Which are the non-ferrous metals?
The division of metals into two groups – ferrous and non-ferrous – has been formed historically. Non-ferrous metals, depending on their properties and distribution, are divided into four groups:
- Lightweight non-ferrous metals – aluminum, magnesium, titanium, etc. with a density of less than 4,500 kg/m3
- Heavy non-ferrous metals – lead, copper, nickel, tin, antimony, etc. with a density of more than 4,500 kg/m3
- Precious metals – gold, silver and platinum metals
- Rare metals – these include 55 metals from the periodic system of elements having different physical and chemical properties. Most of them are very uncommon in nature and rarely form independent ores.
Non-ferrous metals are produced significantly less than ferrous metals. The ratio of world iron production to the production of all other metals is 20:1. The lesser production of non-ferrous metals is due to the very low distribution of most of them and the complexity of their production.
The first non-ferrous metals entered man’s life ever since hoary antiquity as gold and copper, as they occur naturally in a native state. Relatively later began the production and use of tin and lead and their copper alloys. This period of historical development, directly related to the production of metals and the production of tools from them, is known as the Bronze Age and is characterized by a rapid development of the material culture of people and important social changes in human society.
Production and application of non-ferrous metals
Despite the indisputable advantages of metals as construction materials, their consumption by the end of the 18th century was low. It was only in the 19th century that the need for large quantities of non-ferrous metals emerged as a result of the development of large machine production which could not be satisfied by the primitive and craft methods of their production. As a result, the development of machine-building has also led to rapid development in non-ferrous metal production methods, leading to the differentiation of metallurgy as a separate industry branch. It is engaged in the production of non-ferrous metals from their raw material form to a fit-to-use form.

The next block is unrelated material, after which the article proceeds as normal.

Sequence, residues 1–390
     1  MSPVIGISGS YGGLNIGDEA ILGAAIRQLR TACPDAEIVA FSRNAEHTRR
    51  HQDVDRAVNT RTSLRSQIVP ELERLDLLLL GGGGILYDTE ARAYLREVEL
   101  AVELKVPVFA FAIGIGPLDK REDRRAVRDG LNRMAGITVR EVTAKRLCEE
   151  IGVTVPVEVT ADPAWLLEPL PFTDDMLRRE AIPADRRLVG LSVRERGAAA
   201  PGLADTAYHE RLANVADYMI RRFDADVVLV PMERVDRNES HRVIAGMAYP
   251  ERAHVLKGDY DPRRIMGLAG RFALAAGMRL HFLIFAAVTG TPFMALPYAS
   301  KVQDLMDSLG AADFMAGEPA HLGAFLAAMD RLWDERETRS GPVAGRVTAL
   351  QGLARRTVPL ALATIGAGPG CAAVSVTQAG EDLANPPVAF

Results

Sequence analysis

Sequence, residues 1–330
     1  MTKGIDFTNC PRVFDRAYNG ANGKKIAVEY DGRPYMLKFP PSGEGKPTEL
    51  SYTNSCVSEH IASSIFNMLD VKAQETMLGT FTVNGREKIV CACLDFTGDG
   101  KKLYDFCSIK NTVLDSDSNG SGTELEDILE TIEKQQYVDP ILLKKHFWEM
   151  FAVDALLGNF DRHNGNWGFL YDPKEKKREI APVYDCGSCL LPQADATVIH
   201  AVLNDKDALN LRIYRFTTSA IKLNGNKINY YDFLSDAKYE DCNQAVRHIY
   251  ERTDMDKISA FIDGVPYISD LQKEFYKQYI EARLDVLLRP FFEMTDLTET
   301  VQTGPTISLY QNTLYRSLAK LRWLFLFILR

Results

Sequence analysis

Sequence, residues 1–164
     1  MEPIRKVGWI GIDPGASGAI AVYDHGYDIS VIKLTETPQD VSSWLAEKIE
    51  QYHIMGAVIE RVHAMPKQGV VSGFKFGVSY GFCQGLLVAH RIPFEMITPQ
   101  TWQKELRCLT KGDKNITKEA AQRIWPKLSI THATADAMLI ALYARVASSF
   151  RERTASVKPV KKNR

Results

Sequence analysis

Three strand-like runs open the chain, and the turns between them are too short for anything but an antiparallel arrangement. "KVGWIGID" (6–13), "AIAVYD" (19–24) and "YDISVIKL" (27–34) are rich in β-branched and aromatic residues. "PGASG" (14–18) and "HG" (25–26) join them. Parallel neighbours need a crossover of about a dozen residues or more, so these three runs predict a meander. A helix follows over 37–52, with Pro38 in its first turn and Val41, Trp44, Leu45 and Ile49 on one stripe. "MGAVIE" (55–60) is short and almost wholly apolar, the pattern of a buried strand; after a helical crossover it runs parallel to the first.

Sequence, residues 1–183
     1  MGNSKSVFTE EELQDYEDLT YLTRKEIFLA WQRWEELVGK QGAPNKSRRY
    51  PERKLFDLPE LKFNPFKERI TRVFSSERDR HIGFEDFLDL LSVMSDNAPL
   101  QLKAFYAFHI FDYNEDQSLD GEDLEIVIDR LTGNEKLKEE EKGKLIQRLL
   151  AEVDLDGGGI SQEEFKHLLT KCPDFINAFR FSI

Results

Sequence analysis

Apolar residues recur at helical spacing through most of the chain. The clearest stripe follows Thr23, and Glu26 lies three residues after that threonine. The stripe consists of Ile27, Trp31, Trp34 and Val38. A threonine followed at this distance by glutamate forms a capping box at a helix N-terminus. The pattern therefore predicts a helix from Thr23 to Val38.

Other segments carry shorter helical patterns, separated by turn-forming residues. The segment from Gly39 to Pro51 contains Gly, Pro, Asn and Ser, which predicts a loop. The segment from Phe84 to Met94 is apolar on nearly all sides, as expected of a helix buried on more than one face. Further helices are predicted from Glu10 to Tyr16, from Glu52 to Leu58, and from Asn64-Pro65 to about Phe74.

Non-ferrous metals are widely used in mechanical engineering, power engineering, electronics, chemical industry, nuclear power engineering, etc. The development of these industries is inconceivable without the use of non-ferrous metals, as most of them have specific properties more particular than those of iron and its alloys. For example, the high conductivity of copper, silver and aluminum determines the importance of these metals in the development of electronics and power engineering. The development of aircraft industry is the result of the progress in the production of aluminum and its alloys and the development of semiconductor electronics is the result of the production of rare and precious metals.
Non-ferrous metals form numerous alloys which have better mechanical, physical, anticorrosive and other properties than pure metals, thereby the scope of their application extends.
The real development of the non-ferrous metallurgy in Bulgaria began after 9 September 1944. The main non-ferrous metallurgical factories in Bulgaria are the lead production factory in Kurilo, the lead and zinc factory in Kardzhali, the copper smelter in Pirdop and the non-ferrous metals factory in Sofia and many other smaller foundries.
HOW TO RECYCLE NON-FERROUS METALS
Every day, waste is constantly being generated, the quantity of which constantly grows. Their storage is not desirable, and destroying them emits harmful emissions. The most reasonable solution is to re-incorporate secondary raw materials into the production cycle by recycling their ingredients.
The recycling of non-ferrous metals represents the processing of waste from them, such as pieces, wires and other waste from the households and industry. For the purpose of recycling the various types of non-ferrous metals, it is necessary to collect, sort, and bale the wastes, if necessary due to the high density, transport and prepare them for their recycling in the various non-ferrous factories and plants for subsequent processing of non-ferrous metals.
Electric, gas and other furnaces are used for the recycling of non-ferrous metals. Blast furnaces, also called a metallurgical high-placed continuous cycle furnace, can be simplified as scrap is warmed up before the melting point is reached; these simple furnaces are called foundries.
The recycling of non-ferrous metals is a highly technological process that lies on the work and aspirations of many scientists. By basing itself on their technologies, the recycling industry is evolving every day.
The recycling and processing of non-ferrous metals is useful because metal waste from non-ferrous metals can be used to create new products. In modern recycling, there are electronic devices designed to measure the precise chemical analysis of non-ferrous metals. Thanks to these, non-ferrous metals come out of the furnaces with a specific chemical analysis. After which they enter in the everyday lives of people.